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RE: [AV Media Matters] Audio Restoration Tool

At 07:18 22/12/99 -0800, you wrote:
>ptk@psulias.psu.edu wrote:
>> I know all about the CEDAR systems of audio restoration software however
>> the full package runs about $18,000 a little more than my institution will
>> pay.
>> What does anyone know about the Noise Reduction software newly offerd by
>> Sonic Foundry in Madision, WI?? Cost is $400-$500. I realize that it
>> doesn't compare to CEDAR but is it worthwhile?

>I hate to say this, but probably not, at least for your purposes.  It is
>not real time, and that is one of the keys to effective use of
>restoration processes.

I originally queried what the the definition of 'worthwhile' was in this
context.  Now, I think I have to ask you what the definition of
'effective' is?   It seems to me that, in this instance, you really mean
'cost effective' - but surely that is a criteria which only the end-user
can decide for himself.

>If you have LOTS of spare time on your hands to
>play with it, and relatively small quantities of material to be
>restored, then a non-real time restoration software package may be OK
>for you.

A non-realtime system can be very effective in the right hands, you have
said as much to me in the past.  If the time is available, then very good
work can be done using any one (or more!) of the software suites available
for this type of work.

I have looked at CEDAR - of course I have, as would anyone interested in
this subject - but I have come to the conclusion that its extremely high
cost (which I am sure no one would deny) makes it its own worst enemy.
Such a high capital investment dictates a volume and throughput of work
which only a few people can achieve or sustain.  It means working, on a
regular basis, for the most demanding of clients - those who have deep
enough pockets to match the price being asked for the work done.  For those
CEDAR owners who have the necessary client portfolio, I say 'good luck to
them', but I would not denigrate other means of achieving the same results.

Personally, I would expect to lose 50% or more of my clients if I were to
have to recover the capital investment of a CEDAR system, even if I could
afford one.  To me, that is hardly 'cost-effective'.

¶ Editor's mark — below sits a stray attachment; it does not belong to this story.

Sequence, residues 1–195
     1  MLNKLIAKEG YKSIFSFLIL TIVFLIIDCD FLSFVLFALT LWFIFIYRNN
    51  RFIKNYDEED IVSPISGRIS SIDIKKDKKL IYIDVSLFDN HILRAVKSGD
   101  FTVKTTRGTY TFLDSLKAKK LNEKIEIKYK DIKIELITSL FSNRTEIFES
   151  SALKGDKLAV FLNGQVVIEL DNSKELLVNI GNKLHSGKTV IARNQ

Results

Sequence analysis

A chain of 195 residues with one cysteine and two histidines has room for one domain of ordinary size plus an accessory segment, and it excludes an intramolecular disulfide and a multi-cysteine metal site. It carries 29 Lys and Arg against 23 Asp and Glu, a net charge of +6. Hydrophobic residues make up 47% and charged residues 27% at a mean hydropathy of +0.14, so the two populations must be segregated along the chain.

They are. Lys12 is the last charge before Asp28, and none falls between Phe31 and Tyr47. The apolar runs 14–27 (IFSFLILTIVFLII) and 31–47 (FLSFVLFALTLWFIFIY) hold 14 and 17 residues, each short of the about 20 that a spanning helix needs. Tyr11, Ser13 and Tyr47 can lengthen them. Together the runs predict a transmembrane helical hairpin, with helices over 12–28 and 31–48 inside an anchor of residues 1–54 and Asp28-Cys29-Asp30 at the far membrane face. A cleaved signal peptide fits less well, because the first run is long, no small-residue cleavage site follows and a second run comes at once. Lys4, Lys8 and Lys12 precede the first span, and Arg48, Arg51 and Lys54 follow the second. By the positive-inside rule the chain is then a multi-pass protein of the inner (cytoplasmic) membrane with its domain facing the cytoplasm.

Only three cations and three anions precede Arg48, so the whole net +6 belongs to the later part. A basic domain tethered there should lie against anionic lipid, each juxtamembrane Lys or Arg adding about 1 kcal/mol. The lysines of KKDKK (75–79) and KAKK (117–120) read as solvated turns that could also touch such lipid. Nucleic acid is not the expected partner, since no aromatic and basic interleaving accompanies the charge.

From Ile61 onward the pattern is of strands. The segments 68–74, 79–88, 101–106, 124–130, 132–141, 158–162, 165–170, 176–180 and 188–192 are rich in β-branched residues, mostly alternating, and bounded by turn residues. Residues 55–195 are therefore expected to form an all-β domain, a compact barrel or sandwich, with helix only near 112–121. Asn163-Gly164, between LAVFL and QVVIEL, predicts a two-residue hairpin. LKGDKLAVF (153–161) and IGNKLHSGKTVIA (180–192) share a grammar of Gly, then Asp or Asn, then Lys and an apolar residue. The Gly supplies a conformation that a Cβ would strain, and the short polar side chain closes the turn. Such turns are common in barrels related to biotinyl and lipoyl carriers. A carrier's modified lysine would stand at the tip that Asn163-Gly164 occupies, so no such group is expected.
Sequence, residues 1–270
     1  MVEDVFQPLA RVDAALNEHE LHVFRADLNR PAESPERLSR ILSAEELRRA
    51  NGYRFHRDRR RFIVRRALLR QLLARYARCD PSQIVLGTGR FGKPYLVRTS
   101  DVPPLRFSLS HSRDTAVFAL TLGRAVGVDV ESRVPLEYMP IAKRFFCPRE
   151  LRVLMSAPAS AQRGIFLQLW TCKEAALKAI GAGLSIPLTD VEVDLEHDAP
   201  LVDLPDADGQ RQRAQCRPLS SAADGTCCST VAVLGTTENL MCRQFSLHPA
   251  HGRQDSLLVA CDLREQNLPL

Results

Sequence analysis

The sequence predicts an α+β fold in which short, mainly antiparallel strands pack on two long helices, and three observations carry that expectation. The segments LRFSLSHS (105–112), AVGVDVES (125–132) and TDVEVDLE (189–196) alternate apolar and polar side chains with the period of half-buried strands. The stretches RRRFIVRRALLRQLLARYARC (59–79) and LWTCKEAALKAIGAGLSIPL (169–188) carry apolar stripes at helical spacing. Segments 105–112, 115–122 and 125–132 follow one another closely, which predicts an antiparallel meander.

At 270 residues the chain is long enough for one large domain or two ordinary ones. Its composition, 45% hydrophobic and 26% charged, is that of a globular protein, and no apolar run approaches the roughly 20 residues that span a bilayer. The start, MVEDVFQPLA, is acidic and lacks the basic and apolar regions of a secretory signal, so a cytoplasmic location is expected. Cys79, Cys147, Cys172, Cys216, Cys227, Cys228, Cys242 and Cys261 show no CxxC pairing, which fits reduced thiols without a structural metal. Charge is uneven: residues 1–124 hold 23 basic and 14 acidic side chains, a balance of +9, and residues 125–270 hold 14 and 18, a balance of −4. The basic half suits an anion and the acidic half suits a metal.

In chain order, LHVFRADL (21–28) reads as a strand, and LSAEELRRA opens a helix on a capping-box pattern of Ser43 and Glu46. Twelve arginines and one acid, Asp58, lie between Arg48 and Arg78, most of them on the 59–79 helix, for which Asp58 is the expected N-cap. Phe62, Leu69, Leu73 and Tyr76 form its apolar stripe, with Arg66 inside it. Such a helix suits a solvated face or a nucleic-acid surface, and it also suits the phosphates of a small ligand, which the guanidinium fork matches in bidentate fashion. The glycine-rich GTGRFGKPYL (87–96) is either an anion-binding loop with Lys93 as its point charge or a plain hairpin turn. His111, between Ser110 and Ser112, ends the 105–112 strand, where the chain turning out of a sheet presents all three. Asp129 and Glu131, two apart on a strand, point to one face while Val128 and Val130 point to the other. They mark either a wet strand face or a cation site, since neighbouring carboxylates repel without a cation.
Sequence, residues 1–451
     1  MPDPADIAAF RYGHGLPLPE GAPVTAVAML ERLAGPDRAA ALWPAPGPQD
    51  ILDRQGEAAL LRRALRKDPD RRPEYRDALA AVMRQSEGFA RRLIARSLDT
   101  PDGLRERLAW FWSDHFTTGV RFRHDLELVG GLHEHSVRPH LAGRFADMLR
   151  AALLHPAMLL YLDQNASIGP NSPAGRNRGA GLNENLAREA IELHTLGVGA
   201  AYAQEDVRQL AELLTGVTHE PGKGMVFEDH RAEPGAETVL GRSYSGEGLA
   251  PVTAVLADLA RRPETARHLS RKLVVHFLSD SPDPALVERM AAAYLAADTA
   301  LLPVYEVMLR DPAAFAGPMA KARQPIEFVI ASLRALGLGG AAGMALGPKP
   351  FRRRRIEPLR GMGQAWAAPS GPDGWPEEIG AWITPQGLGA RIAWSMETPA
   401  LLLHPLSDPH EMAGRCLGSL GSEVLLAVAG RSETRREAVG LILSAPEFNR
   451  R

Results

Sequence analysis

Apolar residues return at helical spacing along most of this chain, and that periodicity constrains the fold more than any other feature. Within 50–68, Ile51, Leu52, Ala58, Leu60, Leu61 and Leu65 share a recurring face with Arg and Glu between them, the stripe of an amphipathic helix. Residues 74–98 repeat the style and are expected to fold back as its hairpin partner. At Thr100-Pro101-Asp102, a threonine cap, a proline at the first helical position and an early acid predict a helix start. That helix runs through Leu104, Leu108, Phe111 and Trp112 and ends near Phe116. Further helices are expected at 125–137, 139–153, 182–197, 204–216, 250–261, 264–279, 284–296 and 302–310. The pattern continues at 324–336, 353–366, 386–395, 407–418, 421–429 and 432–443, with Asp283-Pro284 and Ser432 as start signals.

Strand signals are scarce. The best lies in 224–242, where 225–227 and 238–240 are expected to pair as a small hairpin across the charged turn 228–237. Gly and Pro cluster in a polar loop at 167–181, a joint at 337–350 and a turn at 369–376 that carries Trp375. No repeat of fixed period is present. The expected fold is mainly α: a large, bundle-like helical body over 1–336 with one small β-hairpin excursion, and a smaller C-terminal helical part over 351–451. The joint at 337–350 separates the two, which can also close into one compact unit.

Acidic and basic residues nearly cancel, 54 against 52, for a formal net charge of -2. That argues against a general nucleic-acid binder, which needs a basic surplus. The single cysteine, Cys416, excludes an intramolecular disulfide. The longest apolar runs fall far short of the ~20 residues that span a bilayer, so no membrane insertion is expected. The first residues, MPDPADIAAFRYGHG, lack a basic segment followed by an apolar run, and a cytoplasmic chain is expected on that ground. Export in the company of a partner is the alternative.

>The CEDAR "system" consists of a number of separate devices of DSP
>(Digital Signal Processing) electronics driven by its own specialized
>firmware... not just "software" as in the Sonic Foundry packages.

My personal view is that CEDAR (the company) will have to look to its
laurels within a very short period of time, if they wish to maintain their
credibility (not to mention their prices) in this area.  Pure 'software'
solutions - including real-time ones - are now starting to (relatively
speaking) flood the market.  With huge HDD's, cheap RAM and computers
likely to edge over the 1GHz clocking rate within the next few months, many
of the disadvantages of 'software' solutions are going vanish in a puff of

I would agree that there are better choices than Sonic Foundry, but the
principle remains the same.  Software solutions - even real-time ones - are
fast catching up CEDAR and look likely to overtake it soon, even in terms
of cost-effectiveness, unless these guys can pull some sort of a rabbit out
of the hat.

>Lastly, there is a system
>from Germany called Sound Laundry that is modularized and does equally
>as well or better.

Perhaps you would care to share your opinion on this suite with me
privately?  I had a long hard look at the Algorithmix offerings and was not
convinced, by any means, that it met the requirements for work to a
professional standard - although it would probably meet the needs of a less
discerning user.  I have the complete suite installed here - but it rarely
gets called upon.

>Like anything, nothing is free... it all has a learning curve.  CEDAR
>would like you to believe that their systems are instantly usable to the
>optimum by even the most novice user... sorry, but that is not true.

You are not going to get any argument from me on that statement.  The only
thing I would say in their defence is that CEDAR is not the only company
which can be faulted for implying that all one had to do was plug in and
switch it on for instant audio salvation.

>those guided by inept
>"producers" who continually bleated the command "take out more noise...
>I can still hear hiss!"

We all have to eat - these guys also sign the cheques, or at least have
direct access to those that do.  It's a brave man that turns down work to
feed the family for a month.

Graeme Jaye

Personal-CD - Affordable Audio Restoration


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